A fine Medieval gold ring set with an ancient drilled garnet.
Probably English, 13th century.
Ring size T UK / 9.5 US.
The garnet measures 1.1 x 0.6cm.
The ring comes from a Private English Collection.
The claw-set garnet has a subtly concaved polished dish to the centre of the gem, a technique traditionally used to remove a blemish or inclusion in the surface. The purity of the hue of the gemstone was seen as essential in order to strengthen the power of the amuletic purpose of the ring. Before the garnets use within the present ring, it was originally worked in the Byzantine or an earlier period when it was drilled and polished into the form of a bead to be worn on a necklace.
Gemstones were highly valued in the medieval world, sapphires, rubies, garnets, amethysts and rock crystal being the most commonly used. Diamonds were highly valued but much less common. Rings were worn in great numbers at all levels of society, although gold and garnets would have been restricted to the wealthy. In the English Act of 1363, an attempt was made to limit the wearing of gold and silver rings to richer noblemen, although we cannot know how effective these laws were.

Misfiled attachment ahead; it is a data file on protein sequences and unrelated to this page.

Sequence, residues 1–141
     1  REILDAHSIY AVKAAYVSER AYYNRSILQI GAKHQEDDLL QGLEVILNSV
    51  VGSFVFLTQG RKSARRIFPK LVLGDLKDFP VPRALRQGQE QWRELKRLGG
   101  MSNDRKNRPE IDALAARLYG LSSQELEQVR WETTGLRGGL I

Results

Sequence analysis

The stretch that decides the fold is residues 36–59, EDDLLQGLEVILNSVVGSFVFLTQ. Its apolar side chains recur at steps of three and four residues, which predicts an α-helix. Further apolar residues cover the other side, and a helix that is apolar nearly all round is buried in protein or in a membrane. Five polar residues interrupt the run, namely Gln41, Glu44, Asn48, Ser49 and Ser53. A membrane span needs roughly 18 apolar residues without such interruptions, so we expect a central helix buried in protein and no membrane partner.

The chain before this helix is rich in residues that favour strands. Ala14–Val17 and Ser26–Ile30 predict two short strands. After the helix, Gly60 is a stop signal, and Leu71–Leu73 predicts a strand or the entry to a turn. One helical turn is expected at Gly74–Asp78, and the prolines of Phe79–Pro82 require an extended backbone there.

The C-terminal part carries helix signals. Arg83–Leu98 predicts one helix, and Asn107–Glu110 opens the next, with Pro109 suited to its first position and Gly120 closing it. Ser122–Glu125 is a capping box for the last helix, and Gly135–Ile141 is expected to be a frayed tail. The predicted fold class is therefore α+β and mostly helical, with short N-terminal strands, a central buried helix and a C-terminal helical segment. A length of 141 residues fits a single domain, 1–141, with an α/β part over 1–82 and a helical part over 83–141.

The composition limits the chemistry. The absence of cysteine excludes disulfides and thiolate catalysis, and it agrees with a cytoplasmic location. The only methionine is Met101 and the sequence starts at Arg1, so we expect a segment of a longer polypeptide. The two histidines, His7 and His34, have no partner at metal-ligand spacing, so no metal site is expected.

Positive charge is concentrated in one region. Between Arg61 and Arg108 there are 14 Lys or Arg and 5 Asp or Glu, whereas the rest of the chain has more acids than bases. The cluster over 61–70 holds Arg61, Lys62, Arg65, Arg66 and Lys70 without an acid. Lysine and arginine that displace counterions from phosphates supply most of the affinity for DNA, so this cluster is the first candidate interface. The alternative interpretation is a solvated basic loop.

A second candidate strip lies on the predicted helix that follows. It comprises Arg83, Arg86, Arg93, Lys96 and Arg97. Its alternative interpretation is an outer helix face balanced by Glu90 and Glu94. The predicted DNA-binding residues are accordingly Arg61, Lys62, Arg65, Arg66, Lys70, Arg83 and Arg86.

For a similar ring, also set with an earlier drilled gemstone albeit a sapphire, can be found in the collection of the Victoria and Albert Museum, London, Accession number; 644-1871.
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